Trust your instincts when it comes to calling pediatrician
DEAR DOCTOR K: How can I tell if my kids’ illnesses are serious enough to call the pediatrician?
DEAR READER: Certain situations should be “red flags” to contact the pediatrician: inability to move part of his or her body, worsening or persistent pain, severe bleeding or second- or third-degree burns.
There are plenty of gray areas, of course. You can try to treat these conditions at home. But if the situation worsens, seems unusual or you’re not sure what to do, you can always pick up the phone.
Behavior change: If a child’s behavior changes suddenly and dramatically, and the child does not seem to “be himself,” that could indicate an underlying brain problem. This requires a lot of parental common sense. I’m not talking about a normally happy kid who gets angry or sad after some event that could reasonably have changed her mood. I’m talking about a normally energetic kid who suddenly seems apathetic, or a normally placid kid who flies off the handle for no good reason.
Burns: If a burn involves the face, hands, feet or genitals, call the pediatrician. If it’s a burn elsewhere on the body and involves more than a few inches of skin, or if it produces blisters on the skin, call the pediatrician.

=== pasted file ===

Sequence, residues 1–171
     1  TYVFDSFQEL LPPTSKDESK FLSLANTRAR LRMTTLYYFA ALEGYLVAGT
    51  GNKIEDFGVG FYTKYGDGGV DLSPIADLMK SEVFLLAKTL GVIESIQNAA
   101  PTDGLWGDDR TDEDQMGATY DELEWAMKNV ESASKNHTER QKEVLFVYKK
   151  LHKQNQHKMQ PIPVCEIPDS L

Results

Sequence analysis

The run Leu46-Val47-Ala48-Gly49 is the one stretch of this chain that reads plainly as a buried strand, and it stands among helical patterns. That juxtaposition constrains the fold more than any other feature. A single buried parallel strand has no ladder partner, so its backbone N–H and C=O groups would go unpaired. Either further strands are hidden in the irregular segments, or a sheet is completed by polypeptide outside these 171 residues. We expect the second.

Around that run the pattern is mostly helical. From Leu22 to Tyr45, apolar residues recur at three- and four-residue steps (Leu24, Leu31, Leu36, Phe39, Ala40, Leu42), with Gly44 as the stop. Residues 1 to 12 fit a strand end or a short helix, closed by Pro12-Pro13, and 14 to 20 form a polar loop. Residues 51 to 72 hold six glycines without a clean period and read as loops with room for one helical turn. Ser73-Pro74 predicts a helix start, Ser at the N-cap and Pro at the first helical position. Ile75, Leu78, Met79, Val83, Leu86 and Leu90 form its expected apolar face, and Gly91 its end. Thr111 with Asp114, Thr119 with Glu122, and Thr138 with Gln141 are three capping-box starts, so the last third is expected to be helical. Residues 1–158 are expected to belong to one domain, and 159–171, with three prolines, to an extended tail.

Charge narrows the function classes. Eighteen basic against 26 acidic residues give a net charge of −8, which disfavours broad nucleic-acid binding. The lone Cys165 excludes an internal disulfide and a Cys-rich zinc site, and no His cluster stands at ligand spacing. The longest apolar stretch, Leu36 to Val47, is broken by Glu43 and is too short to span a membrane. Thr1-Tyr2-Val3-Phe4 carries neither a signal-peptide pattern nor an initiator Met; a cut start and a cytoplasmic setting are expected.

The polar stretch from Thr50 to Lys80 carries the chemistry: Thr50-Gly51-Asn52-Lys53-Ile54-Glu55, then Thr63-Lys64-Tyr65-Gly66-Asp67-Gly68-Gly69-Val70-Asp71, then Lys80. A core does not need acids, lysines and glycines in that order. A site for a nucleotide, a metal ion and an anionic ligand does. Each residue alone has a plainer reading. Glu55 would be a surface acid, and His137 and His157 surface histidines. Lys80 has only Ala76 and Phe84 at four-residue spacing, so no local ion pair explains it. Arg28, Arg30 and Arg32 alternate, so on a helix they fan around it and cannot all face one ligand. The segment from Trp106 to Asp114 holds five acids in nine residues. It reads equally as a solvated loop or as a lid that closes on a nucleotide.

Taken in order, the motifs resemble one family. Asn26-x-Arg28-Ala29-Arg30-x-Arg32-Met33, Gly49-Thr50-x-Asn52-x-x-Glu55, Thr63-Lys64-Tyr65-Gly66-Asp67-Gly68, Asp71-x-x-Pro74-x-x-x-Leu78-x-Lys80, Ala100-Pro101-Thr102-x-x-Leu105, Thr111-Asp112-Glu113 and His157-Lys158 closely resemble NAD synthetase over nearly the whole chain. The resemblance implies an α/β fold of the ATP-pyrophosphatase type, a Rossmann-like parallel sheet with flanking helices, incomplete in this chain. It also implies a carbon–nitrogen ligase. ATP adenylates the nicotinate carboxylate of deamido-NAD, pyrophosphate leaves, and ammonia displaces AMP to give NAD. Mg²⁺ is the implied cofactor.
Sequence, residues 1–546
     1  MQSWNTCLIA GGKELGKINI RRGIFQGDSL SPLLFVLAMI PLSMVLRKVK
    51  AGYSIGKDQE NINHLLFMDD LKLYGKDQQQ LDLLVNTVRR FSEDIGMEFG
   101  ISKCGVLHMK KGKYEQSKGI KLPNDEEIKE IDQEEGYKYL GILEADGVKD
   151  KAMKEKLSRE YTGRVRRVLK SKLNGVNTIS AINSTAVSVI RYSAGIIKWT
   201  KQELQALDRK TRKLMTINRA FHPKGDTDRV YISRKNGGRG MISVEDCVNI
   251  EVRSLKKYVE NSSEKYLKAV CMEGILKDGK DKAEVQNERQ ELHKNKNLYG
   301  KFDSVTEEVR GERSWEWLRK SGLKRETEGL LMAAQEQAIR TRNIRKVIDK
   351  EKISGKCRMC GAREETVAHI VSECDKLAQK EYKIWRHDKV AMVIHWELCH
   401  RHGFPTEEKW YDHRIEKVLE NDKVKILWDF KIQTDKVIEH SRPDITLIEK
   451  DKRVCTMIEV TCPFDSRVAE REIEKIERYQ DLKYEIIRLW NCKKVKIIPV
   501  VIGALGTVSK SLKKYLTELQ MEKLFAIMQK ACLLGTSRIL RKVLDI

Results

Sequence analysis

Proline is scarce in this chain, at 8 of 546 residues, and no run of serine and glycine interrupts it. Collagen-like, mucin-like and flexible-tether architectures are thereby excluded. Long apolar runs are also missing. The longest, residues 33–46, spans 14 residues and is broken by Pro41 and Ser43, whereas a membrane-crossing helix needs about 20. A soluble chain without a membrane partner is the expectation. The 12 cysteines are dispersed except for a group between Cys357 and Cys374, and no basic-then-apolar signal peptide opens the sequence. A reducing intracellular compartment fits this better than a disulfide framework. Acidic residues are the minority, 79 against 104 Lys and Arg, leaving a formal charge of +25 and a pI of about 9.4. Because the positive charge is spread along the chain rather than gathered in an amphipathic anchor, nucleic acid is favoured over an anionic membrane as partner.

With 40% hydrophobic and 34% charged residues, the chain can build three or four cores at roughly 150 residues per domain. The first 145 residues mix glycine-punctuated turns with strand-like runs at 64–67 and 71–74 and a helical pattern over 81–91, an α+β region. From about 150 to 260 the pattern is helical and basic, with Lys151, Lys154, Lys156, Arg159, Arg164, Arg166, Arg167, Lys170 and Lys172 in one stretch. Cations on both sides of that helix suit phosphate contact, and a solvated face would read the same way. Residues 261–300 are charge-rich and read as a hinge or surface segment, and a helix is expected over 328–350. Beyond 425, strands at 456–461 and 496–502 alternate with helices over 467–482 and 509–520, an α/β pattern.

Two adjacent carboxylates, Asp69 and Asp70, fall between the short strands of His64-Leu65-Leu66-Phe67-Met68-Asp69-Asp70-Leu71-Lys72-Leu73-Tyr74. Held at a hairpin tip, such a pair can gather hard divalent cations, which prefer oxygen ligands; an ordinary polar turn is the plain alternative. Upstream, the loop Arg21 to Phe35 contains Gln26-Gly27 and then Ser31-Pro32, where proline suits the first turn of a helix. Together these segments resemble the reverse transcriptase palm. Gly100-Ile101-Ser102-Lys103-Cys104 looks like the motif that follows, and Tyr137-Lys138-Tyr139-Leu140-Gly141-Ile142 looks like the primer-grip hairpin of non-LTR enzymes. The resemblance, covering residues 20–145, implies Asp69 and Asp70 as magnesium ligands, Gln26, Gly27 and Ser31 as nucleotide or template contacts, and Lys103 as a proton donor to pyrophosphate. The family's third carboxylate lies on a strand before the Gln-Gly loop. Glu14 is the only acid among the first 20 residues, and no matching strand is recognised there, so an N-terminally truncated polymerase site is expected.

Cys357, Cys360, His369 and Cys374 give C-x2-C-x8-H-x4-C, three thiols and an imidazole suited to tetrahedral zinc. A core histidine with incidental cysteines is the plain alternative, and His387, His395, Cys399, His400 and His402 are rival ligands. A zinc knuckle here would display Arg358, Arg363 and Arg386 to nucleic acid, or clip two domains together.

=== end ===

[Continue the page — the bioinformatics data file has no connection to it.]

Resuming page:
Vomiting: If your child vomits once or twice without other symptoms, you can manage this at home. If vomiting persists, is accompanied by abdominal pain that doesn’t improve after vomiting, or if your child is dehydrated or has fever, diarrhea or headache, call the doctor. If the vomit is green or red or looks like coffee grounds, call immediately.
Diarrhea: Brief cases of diarrhea can be handled at home. Call the doctor if your child has frequent diarrhea for more than a day or two, shows signs of dehydration, or if the diarrhea contains blood or is accompanied by severe abdominal pain or high fever.
Dehydration: Try to replenish fluids if your child has vomiting, diarrhea or fever. Call your doctor immediately if you see signs of dehydration. These include dry mouth or lips, no tears, dry diapers or no urination for six hours, decreased activity or energy, and a sunken soft spot in the head (in an infant).
Fever: Call your doctor for a rectal temperature greater than 100 degrees F with an infant younger than 3 months, or greater than 101 degrees F with an older infant. Also call about a child who has any fever and appears ill, has a stiff neck, new rash or is not eating or playing.
Colds: Treat colds at home with rest and fluids. Call your doctor if a cold makes it difficult for your baby to breathe or eat. In older children, call if an earache develops, congestion lasts more than two weeks or symptoms worsen after three to five days.
You know your child better than anyone. If your gut tells you something is wrong, make the call.
Dr. Komaroff is a physician and professor at Harvard Medical School. To send questions, go to AskDoctorK.com, or write: Ask Doctor K, 10 Shattuck St., Second Floor, Boston, MA 02115.